One of the theme’s at INLOGOV’s 2014 summer symposium is “Strengthening democracy and participation: routes to re-connection and engagement.” One of the possible routes is tellingly sketched in Dave Eggers’s recent novel The Circle (2013).
I will not try to summarize this rich, dystopian novel which is in the tradition of Orwell’s 1984 and Huxley’s Brave New World, brimming with ideas as well as fears. The vision of democracy presented in The Circle is what I focus on here. It is called ‘demoxie’, and it might be a better prediction of future democracy than many theorists would think.
In the book, demoxie is quite typically introduced as a hitherto unthought-of ‘next step’ in a development process. It starts with the idea to make everyone with a Circle account automatically a registered voter. In the brave new world of The Circle, virtually everyone has such an account, as it is the merger of all other accounts. Think of Google, Twitter, Facebook, and all that coming together in one big company, with a monopoly on the internet and all connected data. One of the company founders, Bailey, first sees this as an opportunity to perfect electoral democracy, to close ‘the circle’ between electors and elected so to speak. “Now think,” he says at a company meeting, “if we can get closer to full participation in all elections (…) As we know here at the Circle, with full participation comes full knowledge. We know what Circlers want because we ask (…) if we observe the same model nationally, electorally, then we can get very close, I think, to 100 percent participation. One hundred percent democracy.”
There is applause, but the fatal heroine of the book, Mae Holland, has a brainwave and suggests to take the whole thing one step further. Why not oblige everyone to vote? “Everyone would agree that 100 percent participation is the ideal.” Until the requested vote has been cast, a circle account will simply be blocked. “And then we can take the temperature of everyone at any time.” The developers at the firm are so excited that within a week they have a beta version of what now is called ‘demoxie’ – “It’s democracy with your voice, and your moxie. And it’s coming soon.” The first try-out question is “Should we have more veggie options at lunch?” In no time the demoxie result appears: “75% of respondents want more veggie options. More veggie options will be provided.” The company’s founders are excited, they want more of these direct votations and promise to implement the majority ‘moxie’ within a day. Demoxie would be the best shot at ‘pure’, direct democracy the world ever had.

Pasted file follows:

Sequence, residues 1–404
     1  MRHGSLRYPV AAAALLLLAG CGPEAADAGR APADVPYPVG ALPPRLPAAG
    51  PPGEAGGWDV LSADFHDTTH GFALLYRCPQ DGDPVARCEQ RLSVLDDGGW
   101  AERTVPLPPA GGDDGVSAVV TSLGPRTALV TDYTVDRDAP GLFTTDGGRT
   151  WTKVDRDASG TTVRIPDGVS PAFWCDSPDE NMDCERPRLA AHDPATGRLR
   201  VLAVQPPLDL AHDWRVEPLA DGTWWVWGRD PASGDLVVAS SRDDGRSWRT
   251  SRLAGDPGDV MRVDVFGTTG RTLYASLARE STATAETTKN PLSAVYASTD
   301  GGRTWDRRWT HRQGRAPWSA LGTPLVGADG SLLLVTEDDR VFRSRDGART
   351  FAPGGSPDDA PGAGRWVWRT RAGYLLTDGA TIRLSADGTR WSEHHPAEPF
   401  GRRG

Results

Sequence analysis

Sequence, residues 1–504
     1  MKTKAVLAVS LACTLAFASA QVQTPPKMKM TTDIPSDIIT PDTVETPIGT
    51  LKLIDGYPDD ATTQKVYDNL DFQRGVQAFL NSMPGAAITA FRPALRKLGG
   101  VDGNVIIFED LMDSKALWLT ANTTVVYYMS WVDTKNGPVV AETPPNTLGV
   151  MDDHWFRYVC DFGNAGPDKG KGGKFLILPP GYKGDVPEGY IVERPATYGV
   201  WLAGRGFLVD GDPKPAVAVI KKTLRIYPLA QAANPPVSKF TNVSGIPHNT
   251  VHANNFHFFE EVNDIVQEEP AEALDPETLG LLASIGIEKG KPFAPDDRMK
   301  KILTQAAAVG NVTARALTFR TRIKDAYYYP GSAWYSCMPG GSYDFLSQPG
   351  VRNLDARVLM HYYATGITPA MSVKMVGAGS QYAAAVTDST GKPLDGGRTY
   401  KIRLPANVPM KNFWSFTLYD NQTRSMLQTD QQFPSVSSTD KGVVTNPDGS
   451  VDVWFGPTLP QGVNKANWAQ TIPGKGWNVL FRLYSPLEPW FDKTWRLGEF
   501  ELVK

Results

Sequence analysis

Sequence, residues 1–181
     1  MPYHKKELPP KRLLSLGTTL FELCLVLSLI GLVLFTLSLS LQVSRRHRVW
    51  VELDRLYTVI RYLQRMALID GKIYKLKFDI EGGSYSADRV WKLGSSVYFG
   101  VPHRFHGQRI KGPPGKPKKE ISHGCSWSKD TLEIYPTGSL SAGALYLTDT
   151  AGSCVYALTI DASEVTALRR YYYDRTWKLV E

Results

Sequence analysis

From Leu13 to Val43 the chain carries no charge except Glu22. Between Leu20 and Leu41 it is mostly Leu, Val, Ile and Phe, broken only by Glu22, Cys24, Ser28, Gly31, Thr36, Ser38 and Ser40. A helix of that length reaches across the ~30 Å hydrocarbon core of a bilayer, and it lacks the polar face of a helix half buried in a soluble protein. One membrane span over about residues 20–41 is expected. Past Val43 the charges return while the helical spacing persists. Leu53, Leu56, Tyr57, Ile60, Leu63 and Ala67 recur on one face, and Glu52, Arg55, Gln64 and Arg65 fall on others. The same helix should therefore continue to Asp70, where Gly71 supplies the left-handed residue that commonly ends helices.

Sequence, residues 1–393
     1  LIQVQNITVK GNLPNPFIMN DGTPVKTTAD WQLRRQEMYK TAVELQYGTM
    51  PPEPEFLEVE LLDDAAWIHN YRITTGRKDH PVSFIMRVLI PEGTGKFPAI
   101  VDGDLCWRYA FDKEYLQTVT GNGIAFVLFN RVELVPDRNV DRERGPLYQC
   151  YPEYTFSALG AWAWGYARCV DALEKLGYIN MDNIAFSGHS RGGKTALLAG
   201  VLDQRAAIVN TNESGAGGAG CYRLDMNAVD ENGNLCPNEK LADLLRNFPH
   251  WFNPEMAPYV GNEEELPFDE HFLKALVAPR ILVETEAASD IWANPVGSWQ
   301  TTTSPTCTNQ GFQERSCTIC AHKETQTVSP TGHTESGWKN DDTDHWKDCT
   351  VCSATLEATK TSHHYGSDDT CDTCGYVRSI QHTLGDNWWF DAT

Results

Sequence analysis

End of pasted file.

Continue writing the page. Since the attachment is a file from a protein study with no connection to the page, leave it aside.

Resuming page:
Is this unreal ‘science-fiction’, completely detached from our world? I don’t think so. Like everything in The Circle, demoxie is a radical extrapolation of developments already visible. It’s actually quite close to what the Five Star Movement, one of Italy’s biggest parties nowadays, envision. It’s very close to what pirate parties around the world call ‘liquid feedback’ – heeding the voice of constituencies on a permanent basis, feeding it back directly to political processes at hand. It’s an extrapolation of consumer polls, internet surveys, facebook counts, and the like, now with the promise of swift take-up, and response rates that can hardly be ignored.
I see ‘demoxie’ as a radicalized version of what I call, less poetically, ‘voter democracy’. I tried to give it due attention in my book ‘Vital Democracy’, but quite honestly it needs much more. Democratic theory is traditionally focused on the distinction between Westminster (indirectly-aggregative) and consensus (indirectly-integrative) democracy. More recently the attention has been extended to communicative and deliberative democracy of the directly-integrative type. Surely, these are routes to re-connection and engagement, and we should continue to study them. However, we should also realize that these routes are followed more often in theory than in practice. Democratic theorists are intrigued by experiments with mini-publics, deliberation days, and the like, but the wider public quite often just prefers to quickly vote, and see their votes aggregated directly and efficiently.
There is not only a popular pull in this direction, but also a strong technological push, which are two reasons to take this other, directly-aggregative, route to re-connection and engagement more seriously than we do. Because whether we like it or not as democratic theorists, it is here to stay and it is bound to grow.
Frank Hendriks is full professor and research director at the Tilburg School of Politics and Public Administration, and co-director of the Demos-Center for Better Governance and Citizenship at Tilburg University. His current research is focused on the design and quality of democratic governance – on political leadership and active citizenship, on public decision-making and participation, on reform and innovation in democratic institutions – at the level of the city and the state at large. Frank is also a Fellow at the Montesquieu Institute in the Hague and Visiting Fellow at St Edmunds College, Cambridge University.